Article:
Mariangel | 518 comments I liked the point about that in Genesis, God only named 5 things while he created them, let man to give the rest of names, and listened while he did. Whereas the God of the Muslims had all the names ready and just gave them to man.


Manuel Alfonseca | 1415 comments Mod
Mariangel wrote: "I liked the point about that in Genesis, God only named 5 things while he created them, let man to give the rest of names, and listened while he did. Whereas the God of the Muslims had all the name..."

In this chapter I also liked the point where Brague says that the statues of false gods are always shown demanding, begging, and what they are begging is sacrifice, to be given life (to be made sacred) by man.

On the other hand, the real God does not demand or beg, He just expects us to act as we should.

Let me explain it in a parabole: Two Islamic suicidal terrorists die in a terrorist attempt and meet God at the other side of death. God tells them: "What you did is not what I expected you'd do." One of the terrorists says: "Lord, I was mistaken. Pardon me." And so, he is in heaven. The other says: "Lord, you deceived me. I'll never pardon you." And so, he is in hell.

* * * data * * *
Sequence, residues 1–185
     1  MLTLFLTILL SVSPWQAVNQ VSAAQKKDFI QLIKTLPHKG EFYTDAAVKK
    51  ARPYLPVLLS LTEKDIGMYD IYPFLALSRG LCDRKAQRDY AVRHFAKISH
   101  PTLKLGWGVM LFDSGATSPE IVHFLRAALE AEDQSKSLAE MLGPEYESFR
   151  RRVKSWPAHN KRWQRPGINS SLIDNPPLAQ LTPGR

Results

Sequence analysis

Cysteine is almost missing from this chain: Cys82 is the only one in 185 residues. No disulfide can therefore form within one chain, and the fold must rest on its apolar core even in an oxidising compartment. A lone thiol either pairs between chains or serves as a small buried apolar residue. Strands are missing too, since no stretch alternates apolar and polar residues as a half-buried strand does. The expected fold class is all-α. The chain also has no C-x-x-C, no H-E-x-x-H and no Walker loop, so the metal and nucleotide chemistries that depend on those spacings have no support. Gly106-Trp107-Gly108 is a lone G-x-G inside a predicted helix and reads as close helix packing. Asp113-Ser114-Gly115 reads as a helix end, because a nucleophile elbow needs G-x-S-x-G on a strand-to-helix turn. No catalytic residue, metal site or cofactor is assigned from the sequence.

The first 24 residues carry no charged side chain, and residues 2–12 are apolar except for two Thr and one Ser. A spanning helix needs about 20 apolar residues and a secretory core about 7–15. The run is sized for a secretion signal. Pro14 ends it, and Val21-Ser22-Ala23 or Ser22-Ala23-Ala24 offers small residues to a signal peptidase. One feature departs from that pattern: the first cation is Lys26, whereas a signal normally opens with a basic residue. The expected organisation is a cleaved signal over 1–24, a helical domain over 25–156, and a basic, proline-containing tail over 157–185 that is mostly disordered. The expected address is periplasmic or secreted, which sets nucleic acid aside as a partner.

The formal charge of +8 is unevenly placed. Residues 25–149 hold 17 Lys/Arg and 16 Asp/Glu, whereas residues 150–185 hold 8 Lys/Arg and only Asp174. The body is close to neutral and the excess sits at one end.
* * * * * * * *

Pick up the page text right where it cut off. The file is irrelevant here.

message 7: by Jill (new)

Jill A. | 654 comments His point seems to be that right and wrong are known to us internally so God doesn't need to tell us what to do. But there is such wide variation in what individuals and societies accept as right and judge as wrong! Look at marriage, for example--one spouse or many, different genders or not, lifetime commitment or casual coupling... The one who created us in a certain way does us a favor if he lets us know how He designed us to function best!


Mariangel | 518 comments I agree with Jill that we need some rules. The 'one spouse for life' isn't obvious and many cultures didn't follow it (even David and Solomon didn't).